Do your antique bathroom cabinets look dull and boring? Is it time to give their surface appearance an upgrade?
If so, then you need to consider painting and glazing your cabinets a new color.
A new coat of paint is a much cheaper way to enhance the beauty of your bathroom cabinets.
You won’t need to replace your cabinets or any of their parts. Instead, you’re merely changing the color on the outside in a few easy steps.
After you’re done applying the paint to your bathroom cabinets, you can finish off the project by glazing the cabinets.
What Does it Mean to Glaze a Cabinet?
The glaze in general is a much thinner paint film that goes over the base paint color to give it more contrast and richness.
It’s like a mixture of dark paint and water where the water is used to thin out the darker paint so that it is easier to apply to a surface.
You will need to wait until the base paint dries first before applying the glaze film.
It is best to use glaze on wooden fixtures and furniture pieces, such as bathroom cabinets.
If you want to make your wooden bathroom cabinets look older and more vintage, then adding glaze to them is a good idea.
Since the application process is easy, it is not necessary to hire a professional painter to glaze your bathroom cabinets.
Few reasons why I like this technique are:
1- Brings out details
If you desire to have a sheen like that of custom cabinets that comes with some exciting gorgeous details, you should try glazing them.
When painting, staining, or spraying the aging cabinets with your favorite color, the details, and the natural element of the wood are often lost.
Glazing your stained cabinets, on the other hand, gives your details a subtle boost-up so that nobody misses these designs out while looking.
2- Great for customized look
Glazing is a process that is usually done by hand.
Glazed cabinets can help add that traditional customized antique look to your kitchen or bathroom.
These not only look to be warmer but also feel to be less modern and more antique.
Its, therefore, a best to have for those who want to add a bit of vintage touch to their bathroom.
3- Adds antique look and dramatic element
While the cabinets painted flat can give your bathroom a colder modern feel, having the cabinets glazed actually does the opposite.
While creating an antique look, it also adds a dramatic element to your bathroom which makes it feel warmer and homier.
The darker or more layers of pre-colored glaze you put, the more dramatic and sharper effect it creates in your room.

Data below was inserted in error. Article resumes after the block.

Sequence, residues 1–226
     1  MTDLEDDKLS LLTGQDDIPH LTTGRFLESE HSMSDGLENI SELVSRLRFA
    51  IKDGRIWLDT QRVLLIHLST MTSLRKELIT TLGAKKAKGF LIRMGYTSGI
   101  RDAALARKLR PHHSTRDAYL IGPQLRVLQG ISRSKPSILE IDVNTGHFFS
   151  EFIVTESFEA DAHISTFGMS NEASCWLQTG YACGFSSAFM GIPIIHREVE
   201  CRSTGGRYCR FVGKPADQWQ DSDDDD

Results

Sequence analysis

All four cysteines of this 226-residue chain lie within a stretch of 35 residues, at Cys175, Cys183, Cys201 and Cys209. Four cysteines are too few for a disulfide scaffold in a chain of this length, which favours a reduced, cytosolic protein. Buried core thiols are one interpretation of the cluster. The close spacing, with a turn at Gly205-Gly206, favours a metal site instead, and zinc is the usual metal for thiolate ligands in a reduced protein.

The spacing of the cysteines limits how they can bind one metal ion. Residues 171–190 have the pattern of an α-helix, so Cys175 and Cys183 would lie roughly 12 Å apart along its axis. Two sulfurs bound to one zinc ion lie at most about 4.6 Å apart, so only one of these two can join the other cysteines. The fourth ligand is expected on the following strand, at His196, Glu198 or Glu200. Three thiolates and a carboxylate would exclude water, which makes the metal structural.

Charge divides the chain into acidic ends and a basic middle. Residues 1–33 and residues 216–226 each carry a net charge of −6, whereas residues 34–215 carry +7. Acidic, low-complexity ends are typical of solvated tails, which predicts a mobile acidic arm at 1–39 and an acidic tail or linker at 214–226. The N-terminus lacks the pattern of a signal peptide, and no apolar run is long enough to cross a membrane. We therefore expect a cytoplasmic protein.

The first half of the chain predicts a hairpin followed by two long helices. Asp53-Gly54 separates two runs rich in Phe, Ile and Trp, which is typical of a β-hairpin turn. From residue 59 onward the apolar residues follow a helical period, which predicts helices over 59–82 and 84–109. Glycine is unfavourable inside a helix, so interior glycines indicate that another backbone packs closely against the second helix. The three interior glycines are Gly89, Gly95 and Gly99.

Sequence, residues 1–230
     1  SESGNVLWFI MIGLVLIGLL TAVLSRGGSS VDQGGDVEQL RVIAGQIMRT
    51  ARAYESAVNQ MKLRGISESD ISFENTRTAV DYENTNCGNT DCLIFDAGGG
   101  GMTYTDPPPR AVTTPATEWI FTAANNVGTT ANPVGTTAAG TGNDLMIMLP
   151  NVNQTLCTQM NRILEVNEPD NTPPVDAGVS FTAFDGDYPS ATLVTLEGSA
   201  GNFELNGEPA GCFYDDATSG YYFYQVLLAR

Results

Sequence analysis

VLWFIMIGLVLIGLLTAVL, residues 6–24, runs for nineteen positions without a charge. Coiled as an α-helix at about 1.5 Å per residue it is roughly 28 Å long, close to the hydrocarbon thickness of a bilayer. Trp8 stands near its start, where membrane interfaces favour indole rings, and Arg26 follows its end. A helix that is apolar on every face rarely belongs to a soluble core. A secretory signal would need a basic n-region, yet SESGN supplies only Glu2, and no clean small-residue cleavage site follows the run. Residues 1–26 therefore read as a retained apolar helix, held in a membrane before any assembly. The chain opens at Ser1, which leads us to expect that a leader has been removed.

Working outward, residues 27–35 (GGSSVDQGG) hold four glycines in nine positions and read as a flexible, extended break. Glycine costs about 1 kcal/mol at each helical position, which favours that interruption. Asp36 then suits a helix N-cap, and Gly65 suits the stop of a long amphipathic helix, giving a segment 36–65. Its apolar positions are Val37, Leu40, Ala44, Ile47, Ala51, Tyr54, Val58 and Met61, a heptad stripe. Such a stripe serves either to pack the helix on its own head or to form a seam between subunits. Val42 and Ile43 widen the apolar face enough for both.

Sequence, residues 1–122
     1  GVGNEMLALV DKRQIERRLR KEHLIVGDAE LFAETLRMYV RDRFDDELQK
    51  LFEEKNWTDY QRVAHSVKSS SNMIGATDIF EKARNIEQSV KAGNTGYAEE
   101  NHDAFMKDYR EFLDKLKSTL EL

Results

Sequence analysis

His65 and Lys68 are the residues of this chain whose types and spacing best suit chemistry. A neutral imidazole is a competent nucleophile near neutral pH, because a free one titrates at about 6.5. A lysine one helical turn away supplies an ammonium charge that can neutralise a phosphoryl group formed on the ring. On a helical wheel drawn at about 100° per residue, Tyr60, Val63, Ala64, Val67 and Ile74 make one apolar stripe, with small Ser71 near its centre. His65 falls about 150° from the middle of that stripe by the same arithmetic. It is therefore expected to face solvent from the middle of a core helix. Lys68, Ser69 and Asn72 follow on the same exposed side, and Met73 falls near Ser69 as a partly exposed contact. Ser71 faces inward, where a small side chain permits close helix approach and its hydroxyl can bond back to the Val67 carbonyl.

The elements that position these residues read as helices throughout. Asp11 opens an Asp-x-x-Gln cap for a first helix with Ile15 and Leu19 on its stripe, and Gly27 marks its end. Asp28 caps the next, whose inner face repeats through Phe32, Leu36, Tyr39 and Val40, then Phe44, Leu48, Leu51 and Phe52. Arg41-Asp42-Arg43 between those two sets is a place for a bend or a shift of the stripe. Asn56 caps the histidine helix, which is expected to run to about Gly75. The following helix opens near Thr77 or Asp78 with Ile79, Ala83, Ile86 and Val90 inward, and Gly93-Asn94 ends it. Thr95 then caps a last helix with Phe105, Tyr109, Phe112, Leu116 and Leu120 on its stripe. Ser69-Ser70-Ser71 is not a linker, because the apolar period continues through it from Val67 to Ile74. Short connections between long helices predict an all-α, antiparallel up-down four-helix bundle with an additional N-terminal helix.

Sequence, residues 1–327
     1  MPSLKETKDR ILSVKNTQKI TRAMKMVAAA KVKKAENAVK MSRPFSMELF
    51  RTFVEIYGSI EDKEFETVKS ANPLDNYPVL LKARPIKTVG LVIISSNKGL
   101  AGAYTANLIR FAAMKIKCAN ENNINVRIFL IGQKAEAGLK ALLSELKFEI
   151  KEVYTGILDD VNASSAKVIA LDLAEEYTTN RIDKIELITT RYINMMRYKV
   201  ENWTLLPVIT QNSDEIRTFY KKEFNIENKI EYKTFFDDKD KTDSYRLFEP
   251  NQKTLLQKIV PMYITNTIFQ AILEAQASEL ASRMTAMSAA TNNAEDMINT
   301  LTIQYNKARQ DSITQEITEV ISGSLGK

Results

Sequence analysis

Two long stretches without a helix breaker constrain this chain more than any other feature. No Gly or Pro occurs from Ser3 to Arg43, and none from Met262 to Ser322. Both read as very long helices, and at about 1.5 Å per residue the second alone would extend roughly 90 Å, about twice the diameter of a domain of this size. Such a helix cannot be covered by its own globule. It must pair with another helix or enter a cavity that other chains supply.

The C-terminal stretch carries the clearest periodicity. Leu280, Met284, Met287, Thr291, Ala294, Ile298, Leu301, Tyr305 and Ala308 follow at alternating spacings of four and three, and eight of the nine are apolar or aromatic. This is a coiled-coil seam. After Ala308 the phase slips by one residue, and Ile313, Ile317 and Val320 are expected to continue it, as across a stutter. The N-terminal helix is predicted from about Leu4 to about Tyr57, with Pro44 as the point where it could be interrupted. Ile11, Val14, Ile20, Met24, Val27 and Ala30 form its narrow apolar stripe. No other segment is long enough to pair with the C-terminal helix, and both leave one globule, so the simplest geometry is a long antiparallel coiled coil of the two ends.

Think of the effect when you are in your bathtub and enjoying the scented aroma of a nearby bathroom diffuser along with an antique and dramatic element.
6 Steps for Glazing Your Bathroom Cabinets
The glazing process is an easy enough process to do on your own. The most challenging part is to choose a glaze that is the right color shade.
But if you select a glaze with a darker shade than your base paint color, then you will be fine.
After that, the application of the glaze on the wooden surface will be just as easy as it was to apply the base paint.
Step 1. Gather Tools
Gather all the necessary tools and materials first.
This glazing project will require a screwdriver, premixed glazing solution, plastic bag (resealable), two dry and soft cotton cloths, and one small paint roller made of foam.
Alternatively, you can use a China paintbrush instead of a roller if preferred.
Step 2. Remove Hardware
Use the screwdriver to remove the screws from the handles of the bathroom cabinets. Save the screws by placing them into the plastic bag.
You may want to remove the hinges and doors of the cabinets, but it is not required for getting the job done.
Step 3. Get the Glaze
Remove the seal from the premixed glaze container.
Add the glaze to the foam portion of the paint roller or the bristles of the paintbrush.
I recommend putting the glaze with a cloth as its much easier to work with.
Remember, you don’t need to add a lot of glazes to get the effect. The glaze should only be applied as a thin layer (thinner than a paint or a stain you put).
Since you need to get a very light thin coat and not a thick overcoat, putting a thick coat of glaze will be the biggest mistake you will make.
Step 4. Apply the Glaze
Now apply the glaze to the surface of the cabinets using a thick-grade cloth. Rub it over gently to get a smooth finish.
If you are using a roller or brush move them in one direction only.
Focus on one small area of the cabinets at a time. The glaze on the cabinets will dry quickly. For this reason, it is better to focus on sections as you work.
Step 5. Clean the Excess Glaze
You can use the soft clean cloth to remove the excess glaze if it has not dried yet.
Leaving a slightly more glaze in the areas like millwork, grooves or engravings can sometimes look great.
So, if you have these designs on the cabinets you would need to decide whether you want to clean up the excess glaze or want to leave it as it is.
Plus, the glaze can easily build up in layers on your roller or brush, so removing some glaze is recommended when that happens during your project.
Step 6. Let the Glaze Dry
Let the glaze on the cabinets dry altogether.
After they have dried, reattach all the handles, hinges, and doors that you had removed previously from the cabinets.
Glazes tend to dry darker. So in between applying the layers, take a step back and look for the finish you get.
Do not wipe away the glaze too much as this can cause a dirty look which is not impressive.
Leaving too much of glaze on the surface will also not help as it can make the effect less visible.
While glazing painted cabinets you should be creating a balance between the both and wipe gently if you really feel.
What Kind of Glaze to Use on Cabinets?
Glazes for cabinets and other wood furniture are available in two different formulas i.e. water-based and oil-based.
- Usually, if you have stained cabinets, oil-based glazes will work better
- And for painted bathroom or kitchen cabinets, water-based glazes are ideal